Interfaith service in Benicia, Tuesday, November 24, 2015


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Inter- faith

With so much hatred going on in the world right now, it is nice to report on something positive.  For almost 20 years, Congregation B’nai Israel, the synagogue in Vallejo, and St Paul’s Episcopal Church in Benicia, have come together at Thanksgiving to hold an interfaith service.   The location alternates between the two congregations each year.  Tonight, Tuesday, November 24, 2015, at 7:30 p.m.,  the service will take place at St. Paul’s Church.  Over the years, other churches have joined in the service and it is truly an interfaith service.   Tonight’s service will also include members of the Islamic Center of Vallejo-Benicia.

The service is open to everyone and it is not necessary to belong to those congregations or any congregation in order to attend.  There will be a desert reception following the service.  For more information, please download the flyer.

Can I show the USCIS officer my Facebook page at my green card interview?


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A common question I receive from my clients when applying for a green card based on their marriage is whether they can bring in their phone to the interview and show the officer their Facebook page.  Or, my clients ask it another way, “Can’t the officer just go online and look at my Facebook page?”   It is a reasonable question.  No one prints out photos any more.  Everything is online.  Unfortunately the answer is “no,” for a couple of reasons.  First, you want to give the officer hard copies of proof of your good faith marriage – you want them to have something they can look at later when reviewing your case.    Second, the officer does not have the time and probably the internet access to go look at your Facebook page.  Also, Facebook pages can be taken down easily.  It is not the best proof of your good faith marriage.  Below are some suggestions of what you should submit as proof of your good faith marriage.

1. Print out pictures, texts, tweets and submit hard copies

You can and should use material from social media as proof of your relationship.  However, you cannot give your twitter name and expect the officer to log onto Twitter and find you.  You must print out all tweets, pictures, texts – whatever you want to use.

2. Submit documents that show proof of shared financial assets and debts

Social media is not the best proof of a good faith marriage and indeed, I would rank it last.  What USCIS wants to see and expects to see is proof that you are living together and sharing a life together.  They expect to see everything in joint name – checking accounts, credit cards, savings accounts, investments, etc.  Now, you do not have to dramatically change your life if you do not want to.  Many people keep separate checking accounts and do not want to commingle their money.  This is fine, but you will need to explain to the officer why you handle your funds the way you do and you should plan on submitting more of the other types of evidence if you do not have much in the way of shared financial documentation.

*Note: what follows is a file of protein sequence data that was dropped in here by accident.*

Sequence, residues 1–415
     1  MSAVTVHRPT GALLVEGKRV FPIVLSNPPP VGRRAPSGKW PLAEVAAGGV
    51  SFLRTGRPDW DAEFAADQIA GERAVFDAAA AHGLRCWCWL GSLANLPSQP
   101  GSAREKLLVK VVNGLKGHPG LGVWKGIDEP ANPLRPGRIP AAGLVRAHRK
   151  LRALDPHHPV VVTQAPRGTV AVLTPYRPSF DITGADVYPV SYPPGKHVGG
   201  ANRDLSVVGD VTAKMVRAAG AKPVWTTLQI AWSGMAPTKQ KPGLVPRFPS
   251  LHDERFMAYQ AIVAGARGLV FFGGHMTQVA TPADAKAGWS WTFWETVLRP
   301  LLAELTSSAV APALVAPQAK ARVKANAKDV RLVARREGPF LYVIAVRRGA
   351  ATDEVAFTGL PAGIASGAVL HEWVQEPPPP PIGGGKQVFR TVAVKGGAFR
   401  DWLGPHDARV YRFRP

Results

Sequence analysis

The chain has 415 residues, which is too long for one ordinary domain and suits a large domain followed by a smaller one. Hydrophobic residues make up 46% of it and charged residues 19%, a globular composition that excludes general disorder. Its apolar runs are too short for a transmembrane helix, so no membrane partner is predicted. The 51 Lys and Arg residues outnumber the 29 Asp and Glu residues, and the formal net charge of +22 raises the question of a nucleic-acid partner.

3. Submit proof that you are residing together and you are sharing a life together

There is a great deal of other proof that you may submit.  If you are renting a place to live, you should submit a lease agreement.  If you own a place, the joint title.  If you have life insurance, renters’ insurance or home insurance together, submit copies of the policies.  If your spouse is a beneficiary on benefit plans that you receive from your employer, you should submit those as well.  You may submit all other proof that goes along with living together – copies of phone bills, utility bills, cable bills.  Ideally you have this documentation in both of your names.   Submit proof that you have taken trips together – copies of itineraries, plane tickets,  and hotel bills.

4. Submit photos, not videos

Again, you cannot refer a USCIS officer to a website to look at your photos.  Also, you cannot bring a video in and expect the officer to watch your wedding.  Everything should be printed out.  Print out your photographs and attach them to standard size paper (so they do not get lost).  Do not give them 100 photos.  Choose 20 or so that show your relationship over a period of time, not just your wedding, but events that have taken place after that.  Photos with other family members are the best.